Acoustic archaeology, or archaeoacoustics, is the study of how ancient populations may have experienced sound in the past as they moved through the landscape.
Two archaeologists are using GIS tools to model the ancient soundscape of New Mexico’s Chaco Canyon. There, Anasazi, or Ancestral Puebloan lived in the area more than a thousand years ago around 850-1150 CE.
The researchers wanted to understand the relationship between the built environment of Chaco and its soundscapes. To do this, they developed the Soundshed Analysis Tool using ArcGIS.
This GIS tool models the geographic spread of sounds such as human voice and musical instruments. As a society that practiced oration, the researchers wanted to understand the geographic extent to which speakers would be heard.
In addition, the Chacoan incorporated musical elements to their rituals and performances as evidenced by recovered instruments such as bone flutes and whistles, wooden planks (i.e., “foot drums”), copper bells, and conch shell trumpets.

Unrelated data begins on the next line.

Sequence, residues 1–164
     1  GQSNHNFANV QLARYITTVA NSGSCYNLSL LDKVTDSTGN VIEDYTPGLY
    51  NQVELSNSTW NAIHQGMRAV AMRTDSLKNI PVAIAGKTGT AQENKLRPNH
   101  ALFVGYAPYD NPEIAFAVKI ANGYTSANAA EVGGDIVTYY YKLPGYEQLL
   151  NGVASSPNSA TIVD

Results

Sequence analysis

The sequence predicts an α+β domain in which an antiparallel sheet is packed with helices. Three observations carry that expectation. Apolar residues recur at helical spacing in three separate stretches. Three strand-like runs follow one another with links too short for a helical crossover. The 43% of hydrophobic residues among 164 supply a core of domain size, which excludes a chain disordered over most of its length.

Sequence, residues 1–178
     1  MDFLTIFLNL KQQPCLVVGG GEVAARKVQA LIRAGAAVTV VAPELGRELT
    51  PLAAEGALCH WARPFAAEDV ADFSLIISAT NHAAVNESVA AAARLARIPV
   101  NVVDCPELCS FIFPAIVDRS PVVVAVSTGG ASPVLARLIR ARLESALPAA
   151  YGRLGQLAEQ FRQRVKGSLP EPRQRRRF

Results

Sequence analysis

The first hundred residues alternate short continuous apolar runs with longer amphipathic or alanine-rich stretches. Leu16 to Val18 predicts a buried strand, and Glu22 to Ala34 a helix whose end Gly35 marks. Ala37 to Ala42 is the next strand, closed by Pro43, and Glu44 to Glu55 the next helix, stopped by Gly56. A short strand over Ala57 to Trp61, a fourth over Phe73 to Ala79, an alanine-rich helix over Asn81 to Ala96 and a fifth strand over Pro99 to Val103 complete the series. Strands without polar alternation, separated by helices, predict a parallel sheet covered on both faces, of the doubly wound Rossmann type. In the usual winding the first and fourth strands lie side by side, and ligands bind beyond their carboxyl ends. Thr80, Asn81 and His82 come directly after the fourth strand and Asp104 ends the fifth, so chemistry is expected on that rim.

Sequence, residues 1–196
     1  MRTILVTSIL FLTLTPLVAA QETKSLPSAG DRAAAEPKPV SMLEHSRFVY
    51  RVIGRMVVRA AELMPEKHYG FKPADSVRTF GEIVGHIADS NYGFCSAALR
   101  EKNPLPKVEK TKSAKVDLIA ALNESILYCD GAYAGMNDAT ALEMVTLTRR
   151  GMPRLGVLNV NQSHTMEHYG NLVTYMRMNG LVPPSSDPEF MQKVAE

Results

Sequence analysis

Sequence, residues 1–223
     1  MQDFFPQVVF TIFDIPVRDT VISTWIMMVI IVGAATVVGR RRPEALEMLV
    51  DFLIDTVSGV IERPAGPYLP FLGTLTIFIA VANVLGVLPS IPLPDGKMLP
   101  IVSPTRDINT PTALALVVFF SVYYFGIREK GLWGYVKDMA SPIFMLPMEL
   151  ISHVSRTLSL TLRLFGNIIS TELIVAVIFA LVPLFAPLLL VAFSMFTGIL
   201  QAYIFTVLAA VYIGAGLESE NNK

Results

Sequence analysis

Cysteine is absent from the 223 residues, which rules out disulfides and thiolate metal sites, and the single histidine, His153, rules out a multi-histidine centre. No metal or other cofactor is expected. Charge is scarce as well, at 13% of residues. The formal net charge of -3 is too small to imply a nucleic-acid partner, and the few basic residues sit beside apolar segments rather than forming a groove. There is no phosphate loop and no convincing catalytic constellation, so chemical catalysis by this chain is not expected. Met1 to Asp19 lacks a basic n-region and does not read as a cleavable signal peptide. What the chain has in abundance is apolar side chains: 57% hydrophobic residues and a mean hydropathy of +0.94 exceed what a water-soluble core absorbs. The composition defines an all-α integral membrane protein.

Scripted using Python, the tool uses seven input environmental and cultural variables: the sound source height, frequency of the sound source, sound pressure level of the source, the measurement distance from the source, air temperature, relative humidity, and the ambient sound pressure level of the study location. Additional inputs include the site location and elevation data from LiDAR.
The Soundshed tool then outputs a viewshed of the sound which the researchers have termed a soundshed. The tool is adapted from SPreAD-GIS which was developed to model the propagation of engine noises across forests.
Witt, D., & Primeau, K. (2019, June). Performance Space, Political Theater, and Audibility in Downtown Chaco. In Acoustics (Vol. 1, No. 1, pp. 78-91). Multidisciplinary Digital Publishing Institute.
Primeau, K. E., & Witt, D. E. (2018). Soundscapes in the past: Investigating sound at the landscape level. Journal of Archaeological Science: Reports, 19, 875-885.
Soundscapes in the past: Adding a new dimension to our archaeological picture of ancient cultures. (2017, August) The Conversation
Piggybacking off of crowd-sourced mapping, sound mapping has emerged to take advantage of DIY cartography in order to geo-reference field recordings. Greg J. Smith outlines how geospatial technologies are being used in his article “Sound Mapping: A Primer” published on Current Intelligence. In addition, Smith outlines three sound mapping efforts, The Freesound Project, Sound-Seeker and the UK Sound Map.
Read more: Sound Mapping: A Primer (2011)